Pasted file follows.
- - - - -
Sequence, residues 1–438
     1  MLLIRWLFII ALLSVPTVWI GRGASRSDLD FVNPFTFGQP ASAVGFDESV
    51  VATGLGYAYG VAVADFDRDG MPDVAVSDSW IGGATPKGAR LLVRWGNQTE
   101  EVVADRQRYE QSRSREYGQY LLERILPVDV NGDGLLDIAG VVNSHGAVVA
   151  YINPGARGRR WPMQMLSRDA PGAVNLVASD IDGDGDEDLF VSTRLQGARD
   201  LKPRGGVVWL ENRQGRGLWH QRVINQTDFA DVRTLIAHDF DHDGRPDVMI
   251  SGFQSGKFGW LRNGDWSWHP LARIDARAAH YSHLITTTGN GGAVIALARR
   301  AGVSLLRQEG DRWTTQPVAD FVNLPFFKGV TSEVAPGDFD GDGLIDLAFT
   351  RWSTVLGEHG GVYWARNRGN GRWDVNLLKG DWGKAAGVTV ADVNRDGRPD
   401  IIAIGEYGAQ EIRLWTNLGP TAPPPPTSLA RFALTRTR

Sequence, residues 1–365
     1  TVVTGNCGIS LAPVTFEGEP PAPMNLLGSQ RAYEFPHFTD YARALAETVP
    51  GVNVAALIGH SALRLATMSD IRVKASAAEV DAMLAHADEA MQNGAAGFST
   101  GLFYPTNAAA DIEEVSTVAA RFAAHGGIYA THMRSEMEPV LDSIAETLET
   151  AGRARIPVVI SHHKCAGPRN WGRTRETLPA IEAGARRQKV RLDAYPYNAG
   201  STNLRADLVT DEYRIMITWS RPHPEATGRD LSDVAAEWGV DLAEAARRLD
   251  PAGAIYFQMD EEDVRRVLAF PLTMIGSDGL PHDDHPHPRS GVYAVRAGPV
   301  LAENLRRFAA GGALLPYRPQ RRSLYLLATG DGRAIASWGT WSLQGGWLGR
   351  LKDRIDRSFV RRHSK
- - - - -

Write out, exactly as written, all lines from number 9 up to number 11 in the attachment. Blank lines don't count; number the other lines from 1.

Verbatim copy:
   351  RWSTVLGEHG GVYWARNRGN GRWDVNLLKG DWGKAAGVTV ADVNRDGRPD
   401  IIAIGEYGAQ EIRLWTNLGP TAPPPPTSLA RFALTRTR

Sequence, residues 1–365